Densho Digital Archive
Twin Cities JACL Collection
Title: Harry Umeda Interview
Narrator: Harry Umeda
Interviewer: Tom Ikeda
Location: Bloomington, Minnesota
Date: June 18, 2009
Densho ID: denshovh-uharry_2-01-0002

<Begin Segment 2>

TI: Harry, can you explain that to me a little bit more? So your mother's family was already in Sacramento?

HU: Yes. [Interruption] Mother and father came, and that's where they stayed, learned to farm. And after two years, they found the land to farm.

TI: They found the land, but how did your father and mother meet?

HU: I don't know. They met in Japan, and they had two boys who were ten and twelve. And they left them there until they settled down in United States.

TI: And so these were your older brothers?

HU: No, they were the two older brothers. And when they found a farm, they need help, they called two sons.

TI: And what were their names, your brothers' names?

HU: Oldest one was Shigeru, and second one was Yoshihiro. Then came the third son on the farm, Frank. And then eighteen months later, I came. The fourth son and the last one, and I was the baby.

TI: So your parents had four boys.

HU: Four boys.

TI: And two of them born in Japan and two born in California.

HU: Yes. And my dad always wanted the land of his own. The share basis, forty and sixty, landowner got forty percent of the crop, sixty percent for him doing all the work, all the implements, the fertilizer. He wanted all of it. So came my time to go to school.

TI: But before we go there, so do you know how large a farm your dad worked?

HU: Forty acres.

TI: And what were the crops that he did?

HU: Grapes and strawberry.

TI: And the grapes were for wine or for raisins?

HU: No, for table.

TI: Okay, so table grapes.

HU: But those grapes left by mistake on the vine, that's where my dad went over and picked them for his wine.

TI: And how did your father learn how to make wine? Because that's... yeah, I'm curious. Who taught him wine-making?

HU: They were empty fifty-gallon drums. He would go and pick the grapes and he crushed it and put it in the barrel and let it ferment. And he made his wine the way he wants. A glass of wine, that was his reward every day. And I'd never seen a wealthy man like him.

TI: And when you say "wealthy," what do you mean by "wealthy"?

HU: Healthy.

TI: Healthy, okay, healthy man. And what kind of personality did your father have? When you think of your father, was he a loud person, a quiet person?

HU: He was a quiet person. But he related to the children the way he thinks: work hard, work a little bit more, your reward will be bigger. That's his philosophy of life. And big challenge, someday he'll go back to Japan. "I have done what I want, and leave the legacy for the kids."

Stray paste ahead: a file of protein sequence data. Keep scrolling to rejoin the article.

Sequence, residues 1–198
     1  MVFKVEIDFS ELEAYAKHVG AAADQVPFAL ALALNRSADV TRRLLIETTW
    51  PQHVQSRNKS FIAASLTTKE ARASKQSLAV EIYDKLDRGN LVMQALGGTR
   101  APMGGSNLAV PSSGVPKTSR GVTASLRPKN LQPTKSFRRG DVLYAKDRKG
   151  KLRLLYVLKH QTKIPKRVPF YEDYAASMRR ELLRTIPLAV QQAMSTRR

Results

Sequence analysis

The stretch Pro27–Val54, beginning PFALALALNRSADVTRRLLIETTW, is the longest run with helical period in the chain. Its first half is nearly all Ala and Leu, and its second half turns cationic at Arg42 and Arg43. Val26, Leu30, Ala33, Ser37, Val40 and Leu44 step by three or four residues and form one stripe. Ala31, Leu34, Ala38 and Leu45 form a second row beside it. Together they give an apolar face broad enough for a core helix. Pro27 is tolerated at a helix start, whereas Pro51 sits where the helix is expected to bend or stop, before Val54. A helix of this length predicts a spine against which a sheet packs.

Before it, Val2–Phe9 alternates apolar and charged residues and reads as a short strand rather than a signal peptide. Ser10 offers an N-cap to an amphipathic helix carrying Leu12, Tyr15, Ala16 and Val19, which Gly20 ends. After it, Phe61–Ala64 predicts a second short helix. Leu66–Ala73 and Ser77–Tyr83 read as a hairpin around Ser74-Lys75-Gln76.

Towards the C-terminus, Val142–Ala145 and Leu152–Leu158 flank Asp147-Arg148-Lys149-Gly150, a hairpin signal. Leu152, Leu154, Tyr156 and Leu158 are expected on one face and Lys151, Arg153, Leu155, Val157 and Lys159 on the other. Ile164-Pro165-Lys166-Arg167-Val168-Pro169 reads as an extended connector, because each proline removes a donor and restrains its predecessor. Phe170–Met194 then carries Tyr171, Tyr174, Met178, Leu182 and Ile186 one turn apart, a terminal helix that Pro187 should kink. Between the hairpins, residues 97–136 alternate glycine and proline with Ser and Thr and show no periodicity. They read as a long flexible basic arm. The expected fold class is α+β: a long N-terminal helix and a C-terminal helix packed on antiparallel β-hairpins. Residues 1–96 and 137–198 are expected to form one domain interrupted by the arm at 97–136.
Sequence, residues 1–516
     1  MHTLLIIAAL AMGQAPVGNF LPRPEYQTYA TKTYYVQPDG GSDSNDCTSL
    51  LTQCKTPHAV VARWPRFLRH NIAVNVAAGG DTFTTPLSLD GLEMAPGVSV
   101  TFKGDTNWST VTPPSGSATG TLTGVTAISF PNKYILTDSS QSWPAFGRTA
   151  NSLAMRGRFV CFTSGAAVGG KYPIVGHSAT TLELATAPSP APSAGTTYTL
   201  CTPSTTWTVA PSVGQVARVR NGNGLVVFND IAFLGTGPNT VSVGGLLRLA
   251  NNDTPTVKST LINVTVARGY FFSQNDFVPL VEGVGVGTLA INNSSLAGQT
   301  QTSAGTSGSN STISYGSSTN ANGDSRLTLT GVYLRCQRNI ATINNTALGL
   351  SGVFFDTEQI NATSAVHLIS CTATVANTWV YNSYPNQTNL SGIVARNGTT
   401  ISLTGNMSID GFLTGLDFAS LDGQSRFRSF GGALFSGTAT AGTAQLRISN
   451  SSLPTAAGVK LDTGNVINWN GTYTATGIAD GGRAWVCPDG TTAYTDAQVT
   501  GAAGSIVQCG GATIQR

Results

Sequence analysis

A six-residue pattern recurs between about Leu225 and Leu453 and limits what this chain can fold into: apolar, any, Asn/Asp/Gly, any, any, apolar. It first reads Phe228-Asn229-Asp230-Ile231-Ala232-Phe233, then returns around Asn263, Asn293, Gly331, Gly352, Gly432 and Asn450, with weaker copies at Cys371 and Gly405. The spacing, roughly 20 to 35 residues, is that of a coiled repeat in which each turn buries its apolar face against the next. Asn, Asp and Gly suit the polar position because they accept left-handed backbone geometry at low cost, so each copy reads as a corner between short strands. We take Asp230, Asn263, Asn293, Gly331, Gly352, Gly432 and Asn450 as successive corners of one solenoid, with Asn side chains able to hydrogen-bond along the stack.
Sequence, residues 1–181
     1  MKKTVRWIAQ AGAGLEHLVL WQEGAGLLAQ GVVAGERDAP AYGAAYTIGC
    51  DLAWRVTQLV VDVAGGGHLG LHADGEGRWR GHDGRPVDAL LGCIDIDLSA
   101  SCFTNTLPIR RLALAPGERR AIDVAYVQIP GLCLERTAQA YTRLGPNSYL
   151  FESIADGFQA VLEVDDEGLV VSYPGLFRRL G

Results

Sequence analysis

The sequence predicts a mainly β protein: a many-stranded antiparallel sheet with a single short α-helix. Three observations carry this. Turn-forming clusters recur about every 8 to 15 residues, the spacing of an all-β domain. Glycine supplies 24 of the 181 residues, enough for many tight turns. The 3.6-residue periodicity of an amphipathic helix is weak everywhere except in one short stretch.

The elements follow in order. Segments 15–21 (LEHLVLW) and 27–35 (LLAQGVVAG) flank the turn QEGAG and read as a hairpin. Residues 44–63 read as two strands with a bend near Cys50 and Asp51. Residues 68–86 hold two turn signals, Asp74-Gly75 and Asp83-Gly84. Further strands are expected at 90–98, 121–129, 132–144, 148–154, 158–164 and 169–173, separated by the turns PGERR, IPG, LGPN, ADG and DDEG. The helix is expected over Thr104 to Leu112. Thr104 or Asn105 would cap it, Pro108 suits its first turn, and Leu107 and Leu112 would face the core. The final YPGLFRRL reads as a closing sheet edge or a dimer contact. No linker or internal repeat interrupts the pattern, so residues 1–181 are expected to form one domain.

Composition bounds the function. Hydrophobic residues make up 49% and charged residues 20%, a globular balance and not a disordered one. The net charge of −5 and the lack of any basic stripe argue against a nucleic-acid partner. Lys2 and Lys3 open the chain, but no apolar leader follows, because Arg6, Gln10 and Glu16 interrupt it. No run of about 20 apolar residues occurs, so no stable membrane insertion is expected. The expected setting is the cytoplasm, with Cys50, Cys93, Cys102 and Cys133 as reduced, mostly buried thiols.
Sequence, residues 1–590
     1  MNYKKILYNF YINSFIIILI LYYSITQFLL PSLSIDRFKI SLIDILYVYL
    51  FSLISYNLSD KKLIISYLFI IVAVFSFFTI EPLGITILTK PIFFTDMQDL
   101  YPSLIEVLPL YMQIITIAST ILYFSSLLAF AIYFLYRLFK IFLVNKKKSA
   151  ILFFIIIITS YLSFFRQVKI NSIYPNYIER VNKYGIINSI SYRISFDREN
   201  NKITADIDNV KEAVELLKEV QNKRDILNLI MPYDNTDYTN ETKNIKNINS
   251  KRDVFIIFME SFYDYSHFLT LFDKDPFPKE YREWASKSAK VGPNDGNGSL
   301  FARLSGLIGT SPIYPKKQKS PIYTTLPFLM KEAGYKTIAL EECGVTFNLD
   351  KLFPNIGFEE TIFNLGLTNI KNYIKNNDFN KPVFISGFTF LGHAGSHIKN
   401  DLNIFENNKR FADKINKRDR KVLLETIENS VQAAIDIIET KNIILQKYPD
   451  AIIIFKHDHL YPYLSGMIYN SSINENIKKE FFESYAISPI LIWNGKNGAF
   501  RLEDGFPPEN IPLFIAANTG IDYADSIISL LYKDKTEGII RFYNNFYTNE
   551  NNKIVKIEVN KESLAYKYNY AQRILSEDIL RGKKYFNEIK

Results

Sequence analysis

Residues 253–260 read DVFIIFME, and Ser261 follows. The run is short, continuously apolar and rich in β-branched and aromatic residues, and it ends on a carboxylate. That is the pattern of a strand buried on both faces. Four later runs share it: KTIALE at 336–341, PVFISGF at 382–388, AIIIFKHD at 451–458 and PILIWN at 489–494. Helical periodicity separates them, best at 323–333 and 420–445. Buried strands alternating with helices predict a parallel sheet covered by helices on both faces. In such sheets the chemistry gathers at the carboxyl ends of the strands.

TI: So he used to tell you that at some point, he would go back to Japan and leave the farm and everything to the children?

HU: So I started my school...

TI: Oh, before we start school, can I ask about your mother? What kind of person was she? How would you describe her? Was she more social and talkative?

HU: She had many friends. Social, yes. She had a little land where she grew all kinds of vegetables and flowers.

TI: Right, and you talked about that. So when she had lots of friends, where did she see her friends? Did they come to the house or did she go someplace else?

HU: Come to house, visit us. And once in a while, they'd go downtown to (Sacramento). See, in their life, friend was the most important thing. And one of the things -- two more things about my mother. She talked about God. There were no bibles, but she learned from those friends she had when she was growing. And she always mentioned, "There's a man up there watching all the time. You've got to believe Him and do no good." The other was when I was having mump and all that, she would say, "Tsutomu, you better get up."

TI: Right, "Get up and eat," right.

HU: "You gotta eat. Pretty soon you won't be able to walk."

TI: And so Harry, I want to go back, when your mother talked about God, did she also go to church?

HU: She did not.

TI: So this was just through her friends and what she heard?

HU: She really believed He was up there. And one of the things that still disturbed me is that... we had my aches and pains, she would say, "If you think it hurts, it hurts. But if you think it's not gonna hurt, it won't hurt much." [Laughs]

TI: So how well did that work?

HU: Well, it did work. Forget about the pain. And that's some of my mother's teaching. Some of it sounds very odd, but that's the way it was.

<End Segment 2> - Copyright ©2009 Densho and the Twin Cities JACL. All Rights Reserved.